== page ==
Trafalgar Square, London Travel Guide
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Welcome to Trafalgar Square, one of London's biggest and busiest open spaces in the city of London. The square was built in 1987 by Lord Whimpy to enhance the view from his near-by burger restaurant, now a Pret A Manger.
Trafalgar Square gets its name from the medieval battle which took place in Hastings in 1066. An unknown soldier still looks over the square from the top of Nelson's column.
Some fifteen feet below him sit four large lions. In medieval days mechanical weaponry was rare and expensive, so highly trained fighting lions were the King's weapon of choice. They are still remembered here today, moulded for eternity in copper.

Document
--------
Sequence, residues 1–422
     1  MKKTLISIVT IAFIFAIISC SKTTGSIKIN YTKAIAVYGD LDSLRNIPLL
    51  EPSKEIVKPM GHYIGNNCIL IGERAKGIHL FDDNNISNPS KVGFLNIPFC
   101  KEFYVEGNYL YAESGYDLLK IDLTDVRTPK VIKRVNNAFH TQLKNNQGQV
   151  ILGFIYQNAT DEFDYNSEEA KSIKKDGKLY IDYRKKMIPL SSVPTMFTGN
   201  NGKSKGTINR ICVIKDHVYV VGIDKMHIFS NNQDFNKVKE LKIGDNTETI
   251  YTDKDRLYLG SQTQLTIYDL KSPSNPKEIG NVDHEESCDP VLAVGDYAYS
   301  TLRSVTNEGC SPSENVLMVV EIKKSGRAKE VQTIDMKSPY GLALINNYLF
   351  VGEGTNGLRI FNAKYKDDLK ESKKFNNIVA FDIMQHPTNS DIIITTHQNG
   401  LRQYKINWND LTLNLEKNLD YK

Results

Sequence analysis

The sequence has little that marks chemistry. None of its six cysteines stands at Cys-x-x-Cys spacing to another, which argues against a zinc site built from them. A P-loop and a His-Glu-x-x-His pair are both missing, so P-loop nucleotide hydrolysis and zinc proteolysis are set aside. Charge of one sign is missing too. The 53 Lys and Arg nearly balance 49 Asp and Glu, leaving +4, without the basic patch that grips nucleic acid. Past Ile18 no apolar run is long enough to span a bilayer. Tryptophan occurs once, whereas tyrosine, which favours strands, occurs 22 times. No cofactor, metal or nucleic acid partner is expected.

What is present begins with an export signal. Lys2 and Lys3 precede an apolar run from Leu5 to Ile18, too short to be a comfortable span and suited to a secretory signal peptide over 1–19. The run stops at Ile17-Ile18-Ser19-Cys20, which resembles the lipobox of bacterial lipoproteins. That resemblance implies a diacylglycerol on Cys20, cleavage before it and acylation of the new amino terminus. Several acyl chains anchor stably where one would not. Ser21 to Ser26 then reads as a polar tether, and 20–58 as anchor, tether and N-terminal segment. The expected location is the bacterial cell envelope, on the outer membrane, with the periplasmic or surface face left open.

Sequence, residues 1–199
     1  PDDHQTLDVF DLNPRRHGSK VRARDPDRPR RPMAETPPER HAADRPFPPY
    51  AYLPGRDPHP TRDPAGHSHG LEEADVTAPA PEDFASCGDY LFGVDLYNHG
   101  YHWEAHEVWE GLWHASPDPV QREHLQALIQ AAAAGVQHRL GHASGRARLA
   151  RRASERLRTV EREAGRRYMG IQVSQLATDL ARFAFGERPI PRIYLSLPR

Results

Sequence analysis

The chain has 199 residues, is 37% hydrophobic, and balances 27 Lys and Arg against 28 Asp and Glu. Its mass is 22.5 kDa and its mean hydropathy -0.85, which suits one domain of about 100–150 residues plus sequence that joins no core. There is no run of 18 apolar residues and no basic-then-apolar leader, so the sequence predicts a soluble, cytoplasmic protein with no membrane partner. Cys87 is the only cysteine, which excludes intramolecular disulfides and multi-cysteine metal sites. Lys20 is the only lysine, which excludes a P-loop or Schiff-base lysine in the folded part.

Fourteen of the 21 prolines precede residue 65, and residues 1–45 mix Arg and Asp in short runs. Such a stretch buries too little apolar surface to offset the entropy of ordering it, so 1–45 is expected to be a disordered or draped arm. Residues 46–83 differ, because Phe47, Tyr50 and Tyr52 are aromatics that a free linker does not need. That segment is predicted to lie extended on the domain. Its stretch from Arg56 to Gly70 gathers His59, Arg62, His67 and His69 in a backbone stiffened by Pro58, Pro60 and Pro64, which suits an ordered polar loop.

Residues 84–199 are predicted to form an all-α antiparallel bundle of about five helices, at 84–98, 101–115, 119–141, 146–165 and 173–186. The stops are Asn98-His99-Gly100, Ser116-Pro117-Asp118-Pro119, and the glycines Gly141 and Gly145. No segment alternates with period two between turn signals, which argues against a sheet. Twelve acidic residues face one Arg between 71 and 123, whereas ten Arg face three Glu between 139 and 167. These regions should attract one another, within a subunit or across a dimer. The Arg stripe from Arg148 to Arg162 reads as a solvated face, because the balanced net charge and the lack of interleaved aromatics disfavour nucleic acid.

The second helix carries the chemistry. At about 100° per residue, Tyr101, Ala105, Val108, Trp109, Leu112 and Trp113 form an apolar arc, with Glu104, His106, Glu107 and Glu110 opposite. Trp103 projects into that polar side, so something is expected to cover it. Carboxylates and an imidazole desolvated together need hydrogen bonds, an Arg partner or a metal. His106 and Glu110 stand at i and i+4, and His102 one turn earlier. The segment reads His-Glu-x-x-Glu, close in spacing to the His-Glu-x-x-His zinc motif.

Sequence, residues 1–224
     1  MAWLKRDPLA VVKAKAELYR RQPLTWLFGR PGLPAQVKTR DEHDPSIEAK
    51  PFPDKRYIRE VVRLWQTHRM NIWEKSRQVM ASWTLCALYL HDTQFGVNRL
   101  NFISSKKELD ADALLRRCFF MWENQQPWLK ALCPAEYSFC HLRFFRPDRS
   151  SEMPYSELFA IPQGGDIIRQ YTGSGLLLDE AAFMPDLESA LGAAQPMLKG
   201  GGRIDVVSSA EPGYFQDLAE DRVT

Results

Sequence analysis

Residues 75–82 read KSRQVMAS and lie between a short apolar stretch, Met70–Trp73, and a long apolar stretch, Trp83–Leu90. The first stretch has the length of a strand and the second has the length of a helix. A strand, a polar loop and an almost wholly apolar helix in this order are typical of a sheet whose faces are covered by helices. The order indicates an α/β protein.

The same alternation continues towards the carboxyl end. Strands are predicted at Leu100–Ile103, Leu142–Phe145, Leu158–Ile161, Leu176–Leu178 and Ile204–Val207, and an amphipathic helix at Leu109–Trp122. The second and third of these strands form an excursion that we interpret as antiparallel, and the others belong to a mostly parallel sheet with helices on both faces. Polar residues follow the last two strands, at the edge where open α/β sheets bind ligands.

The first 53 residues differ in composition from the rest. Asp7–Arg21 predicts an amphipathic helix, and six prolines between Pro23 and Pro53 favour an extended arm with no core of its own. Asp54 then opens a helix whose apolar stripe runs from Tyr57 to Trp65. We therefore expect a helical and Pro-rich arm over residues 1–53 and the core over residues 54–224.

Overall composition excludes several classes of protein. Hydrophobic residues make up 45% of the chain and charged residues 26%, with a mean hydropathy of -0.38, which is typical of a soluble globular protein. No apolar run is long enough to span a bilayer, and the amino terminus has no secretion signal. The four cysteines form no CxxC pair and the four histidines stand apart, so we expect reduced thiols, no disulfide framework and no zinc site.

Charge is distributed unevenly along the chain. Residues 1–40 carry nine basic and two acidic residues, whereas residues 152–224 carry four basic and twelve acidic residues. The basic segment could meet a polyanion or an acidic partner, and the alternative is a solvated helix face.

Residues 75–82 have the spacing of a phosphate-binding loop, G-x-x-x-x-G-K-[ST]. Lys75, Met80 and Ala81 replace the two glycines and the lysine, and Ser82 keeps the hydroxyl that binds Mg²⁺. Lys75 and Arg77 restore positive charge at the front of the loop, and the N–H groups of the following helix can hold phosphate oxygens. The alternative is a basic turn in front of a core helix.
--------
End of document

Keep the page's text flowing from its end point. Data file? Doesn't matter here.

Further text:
Over four litres of water is pumped through Trafalgar Square's iconic fountains everyday. The two fountains represent the coming together of the two rivers from which London gets its name. The rivers Lon and Donson.
During London's summer month, tourists can often be found bathing in the water before returning home with deceases ranging from rabbis to dysentery.
Trafalgar Square is free to visit and open every day apart from Ash Wednesday and the morning of the Super Bowl. Children under the age of three must be accompanied by an adult.
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